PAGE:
(CNN) — A busy stretch of Interstate 95 in southwestern Connecticut reopened to traffic this weekend, just a few days after a gasoline tanker fire damaged an overpass and forced the highway to close in both directions.

Traffic was back up running in both directions Monday morning “at full capacity” in Norwalk – some 40 miles northeast of New York City – CNN affiliate News 12 reported.

“It is truly amazing that in less than 80 hours from that fiery crash Thursday that shut down traffic in both directions, the highway again is fully open,” Gov. Ned Lamont – who is expected to hold a news conference Monday morning – said Sunday in a news release, praising state agencies involved in the cleanup, demolition and rebuilding.

“I am impressed by these efforts and thankful for the dedication, skill, and labor of everyone who has been involved,” he said.

Northbound lanes of I-95 in Norwalk had been expected to reopen by 8 p.m. Saturday, according to Lamont’s office, while the southbound lanes had been anticipated to open by Sunday at 10 a.m.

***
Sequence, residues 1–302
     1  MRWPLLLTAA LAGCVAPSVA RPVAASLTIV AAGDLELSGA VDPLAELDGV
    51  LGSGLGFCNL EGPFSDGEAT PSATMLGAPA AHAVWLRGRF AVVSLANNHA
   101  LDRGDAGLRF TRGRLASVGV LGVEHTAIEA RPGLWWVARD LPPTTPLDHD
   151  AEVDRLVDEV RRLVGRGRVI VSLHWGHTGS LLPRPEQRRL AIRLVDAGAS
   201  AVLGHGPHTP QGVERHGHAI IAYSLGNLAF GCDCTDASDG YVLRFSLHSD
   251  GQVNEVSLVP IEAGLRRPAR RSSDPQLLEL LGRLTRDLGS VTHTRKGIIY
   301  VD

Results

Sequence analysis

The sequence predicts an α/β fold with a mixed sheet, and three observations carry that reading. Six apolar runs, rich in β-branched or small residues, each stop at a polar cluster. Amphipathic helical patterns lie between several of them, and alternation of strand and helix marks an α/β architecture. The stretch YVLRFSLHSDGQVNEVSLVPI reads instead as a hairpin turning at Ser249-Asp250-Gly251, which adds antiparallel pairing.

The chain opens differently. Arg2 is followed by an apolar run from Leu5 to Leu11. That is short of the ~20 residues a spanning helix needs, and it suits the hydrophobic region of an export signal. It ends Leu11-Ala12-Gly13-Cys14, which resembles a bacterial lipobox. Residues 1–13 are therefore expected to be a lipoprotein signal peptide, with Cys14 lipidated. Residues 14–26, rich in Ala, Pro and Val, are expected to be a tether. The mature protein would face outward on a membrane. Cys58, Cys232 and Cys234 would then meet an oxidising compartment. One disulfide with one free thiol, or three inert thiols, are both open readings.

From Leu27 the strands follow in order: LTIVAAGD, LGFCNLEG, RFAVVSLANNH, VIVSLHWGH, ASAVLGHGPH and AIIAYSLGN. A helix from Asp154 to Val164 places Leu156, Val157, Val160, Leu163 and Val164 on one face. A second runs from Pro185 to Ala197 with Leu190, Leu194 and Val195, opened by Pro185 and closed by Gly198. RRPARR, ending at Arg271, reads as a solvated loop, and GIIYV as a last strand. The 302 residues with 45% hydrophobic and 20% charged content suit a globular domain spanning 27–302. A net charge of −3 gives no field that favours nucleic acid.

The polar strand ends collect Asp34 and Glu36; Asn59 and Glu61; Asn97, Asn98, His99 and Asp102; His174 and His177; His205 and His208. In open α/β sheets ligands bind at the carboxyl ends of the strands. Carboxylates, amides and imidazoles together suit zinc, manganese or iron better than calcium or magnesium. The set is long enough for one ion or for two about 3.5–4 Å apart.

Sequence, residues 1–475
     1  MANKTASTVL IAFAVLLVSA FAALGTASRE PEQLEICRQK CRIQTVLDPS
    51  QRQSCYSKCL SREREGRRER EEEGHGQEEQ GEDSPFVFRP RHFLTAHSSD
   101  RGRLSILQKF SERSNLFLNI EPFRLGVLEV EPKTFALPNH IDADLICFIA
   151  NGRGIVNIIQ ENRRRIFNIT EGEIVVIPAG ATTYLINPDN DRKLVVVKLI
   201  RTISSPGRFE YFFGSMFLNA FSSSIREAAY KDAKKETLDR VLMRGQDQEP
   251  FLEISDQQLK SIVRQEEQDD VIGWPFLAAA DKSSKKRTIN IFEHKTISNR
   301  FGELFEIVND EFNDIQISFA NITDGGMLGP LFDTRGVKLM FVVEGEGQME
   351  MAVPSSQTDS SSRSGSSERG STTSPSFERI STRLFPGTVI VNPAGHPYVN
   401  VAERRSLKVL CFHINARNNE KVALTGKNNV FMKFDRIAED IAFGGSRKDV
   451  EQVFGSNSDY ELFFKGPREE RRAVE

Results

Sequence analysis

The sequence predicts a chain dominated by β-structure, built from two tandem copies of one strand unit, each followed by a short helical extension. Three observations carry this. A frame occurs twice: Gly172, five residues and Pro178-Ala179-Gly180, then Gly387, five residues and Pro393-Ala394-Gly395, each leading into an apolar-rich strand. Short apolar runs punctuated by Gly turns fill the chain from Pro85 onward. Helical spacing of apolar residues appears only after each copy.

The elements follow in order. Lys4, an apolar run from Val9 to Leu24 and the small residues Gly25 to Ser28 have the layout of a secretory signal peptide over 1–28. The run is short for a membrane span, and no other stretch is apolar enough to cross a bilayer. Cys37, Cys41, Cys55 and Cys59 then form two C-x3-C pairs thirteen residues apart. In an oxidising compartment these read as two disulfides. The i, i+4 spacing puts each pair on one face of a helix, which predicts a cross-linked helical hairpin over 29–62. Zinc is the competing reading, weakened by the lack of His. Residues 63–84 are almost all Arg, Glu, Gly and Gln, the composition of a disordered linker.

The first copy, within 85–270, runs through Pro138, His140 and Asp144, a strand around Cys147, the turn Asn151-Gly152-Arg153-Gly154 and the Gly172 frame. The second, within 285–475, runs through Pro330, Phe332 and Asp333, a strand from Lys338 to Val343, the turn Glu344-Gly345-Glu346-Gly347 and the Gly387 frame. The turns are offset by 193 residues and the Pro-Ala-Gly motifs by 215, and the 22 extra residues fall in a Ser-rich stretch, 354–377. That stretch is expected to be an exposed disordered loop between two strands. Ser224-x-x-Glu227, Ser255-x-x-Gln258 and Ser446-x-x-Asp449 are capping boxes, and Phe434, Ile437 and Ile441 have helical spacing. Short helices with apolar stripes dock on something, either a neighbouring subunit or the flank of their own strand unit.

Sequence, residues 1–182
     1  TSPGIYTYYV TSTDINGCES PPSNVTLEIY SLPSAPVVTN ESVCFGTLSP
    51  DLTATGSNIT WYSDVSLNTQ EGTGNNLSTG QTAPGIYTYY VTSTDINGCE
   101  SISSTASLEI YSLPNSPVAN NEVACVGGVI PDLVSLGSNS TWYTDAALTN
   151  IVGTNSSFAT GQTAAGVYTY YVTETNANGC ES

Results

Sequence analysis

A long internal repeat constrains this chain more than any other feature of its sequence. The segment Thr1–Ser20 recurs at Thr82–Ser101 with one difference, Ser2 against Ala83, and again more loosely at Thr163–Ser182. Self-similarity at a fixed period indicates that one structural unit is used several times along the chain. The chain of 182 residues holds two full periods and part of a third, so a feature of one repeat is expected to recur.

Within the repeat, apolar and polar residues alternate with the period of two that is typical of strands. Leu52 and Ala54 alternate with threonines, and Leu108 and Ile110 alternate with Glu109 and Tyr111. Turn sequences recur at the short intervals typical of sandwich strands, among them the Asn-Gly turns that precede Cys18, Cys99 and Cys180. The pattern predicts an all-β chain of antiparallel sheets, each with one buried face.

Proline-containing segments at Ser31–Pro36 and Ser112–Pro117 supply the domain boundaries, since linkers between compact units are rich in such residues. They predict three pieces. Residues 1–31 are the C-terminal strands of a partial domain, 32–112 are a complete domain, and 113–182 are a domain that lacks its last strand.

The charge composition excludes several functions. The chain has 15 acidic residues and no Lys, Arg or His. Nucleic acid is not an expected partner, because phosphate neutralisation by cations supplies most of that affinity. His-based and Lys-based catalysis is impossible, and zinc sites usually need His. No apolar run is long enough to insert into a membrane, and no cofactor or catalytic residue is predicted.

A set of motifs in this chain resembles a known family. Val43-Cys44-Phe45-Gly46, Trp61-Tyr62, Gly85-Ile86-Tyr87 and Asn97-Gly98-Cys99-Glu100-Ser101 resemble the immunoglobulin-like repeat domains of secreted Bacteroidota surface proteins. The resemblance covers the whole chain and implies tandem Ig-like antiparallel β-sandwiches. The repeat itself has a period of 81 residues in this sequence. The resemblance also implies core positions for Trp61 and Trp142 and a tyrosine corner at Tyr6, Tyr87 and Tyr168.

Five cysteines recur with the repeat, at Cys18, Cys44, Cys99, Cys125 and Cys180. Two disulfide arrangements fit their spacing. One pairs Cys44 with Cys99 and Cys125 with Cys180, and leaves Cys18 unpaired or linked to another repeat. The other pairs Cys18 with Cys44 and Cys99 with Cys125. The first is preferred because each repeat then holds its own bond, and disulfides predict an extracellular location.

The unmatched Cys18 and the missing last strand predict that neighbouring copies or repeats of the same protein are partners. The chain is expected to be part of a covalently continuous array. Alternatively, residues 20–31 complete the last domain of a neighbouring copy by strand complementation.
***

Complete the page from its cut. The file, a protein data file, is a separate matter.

While the highway has reopened, work continues to replace the Fairfield Avenue Bridge, which was demolished after sustaining “significant damage” in Thursday’s crash, Connecticut Transportation Commissioner Garrett Eucalitto said in the news release.

The governor declared a state of emergency in response to the accident, saying Thursday the interstate would be closed “at least through the weekend.” Motorists were encouraged to avoid the area – a tall order, given Norwalk, home to about 90,000 people, is about 30 miles southwest of New Haven, Connecticut, and in the New York metro area.

The bridge was demolished by 12:30 p.m. Saturday, according to a news release that day from the governor’s office. Crews then cleaned up debris and began repairing the highway before reopening northbound lanes.

The southbound lanes remained closed until Sunday because the damage was so severe “that those lanes need to be milled and repaved,” the release said.

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